An ill wind is blowing from the direction of the Italian post office service, and said bad wind emanates from a quietly brewing storm.
Apparently, such storm may well blow away around 400 million Euros belonging to some 70,000 investors who have acquired ‘triple A’ bonds.
Italy’s consumer’s association believes that these 10 year bonds will be virtually worthless when they come up for redemption. And there’s more, and the hint of a cover up.
There are also discussions on this subject on the Italian web.
The collapse of the giant American company Worldcom, which took place a few years back, dented the value of the Italian Post office bonds considerably. Indeed, the bonds have lost approximately half of their value. Things are not looking too good.
Post Office Cover Up?
Stop reading, start speaking
Stop translating in your head and start speaking Italian for real with the only audio course that prompt you to speak.
There seems to be a connection between the falling value of these post office bonds and the collapse of the Lehman Brothers bank, although at the time, Le Poste Italiane told worried investors that there was nothing to be worried about.
However, if this is the case, how come the Italian Post office seems to be doing its best to hide the problems through restructuring operations? Which it is, according to the Italian Consumers Association. The association has appealed to Italy’s finance minister Giulio Tremonti to intervene and demand that that Poste Italiane states that it will absorb any losses.
Post Office Misjudgement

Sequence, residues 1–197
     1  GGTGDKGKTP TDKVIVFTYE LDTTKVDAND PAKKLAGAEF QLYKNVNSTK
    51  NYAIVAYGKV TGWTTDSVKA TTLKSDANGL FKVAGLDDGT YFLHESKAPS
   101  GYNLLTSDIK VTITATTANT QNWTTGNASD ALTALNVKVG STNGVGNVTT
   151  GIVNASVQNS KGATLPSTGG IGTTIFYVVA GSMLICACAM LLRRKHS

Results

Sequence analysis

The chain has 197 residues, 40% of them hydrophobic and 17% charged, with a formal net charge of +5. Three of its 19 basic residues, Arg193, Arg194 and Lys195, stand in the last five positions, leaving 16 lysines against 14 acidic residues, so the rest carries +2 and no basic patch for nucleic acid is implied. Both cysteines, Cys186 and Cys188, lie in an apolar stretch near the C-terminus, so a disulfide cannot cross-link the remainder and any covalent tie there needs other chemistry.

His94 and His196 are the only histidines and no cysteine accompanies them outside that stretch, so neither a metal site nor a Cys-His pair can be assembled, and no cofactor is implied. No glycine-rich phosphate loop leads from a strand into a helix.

The plot thickens. According to an article over on Italian soldi blog.it, the post office had misunderstood the safety of these bonds, which it stated carried a 3A rating.
This rating usually means such bonds should be a safe investment. But, one Ken Gill, of Fitch Ratings, reportedly said that the bonds being offered by the post office should never have been offered as a retail product owing to their extreme sophistication.
This is not clear just yet, but fears are mounting that the people advised to take on this ‘safe’ investment will lose substantial sums of money. Bearing in mind that the Italian post office is a predominantly a state-owned company, if people do lose money it will make Italy’s government look pretty bad, but if the post office decides to bite the bullet and absorb all the losses, the Italian tax payers will have to stump up the cash.
Then again, the Italian tax payers stumped up plenty of cash to help sort out ailing Italian airline Alitalia, so they will not mind stumping up a little more. Well, they might, but they, sorry we, will have little choice.
An article in Italian on this can been seen here: Polizze index di Poste Italiane…i soliti sospetti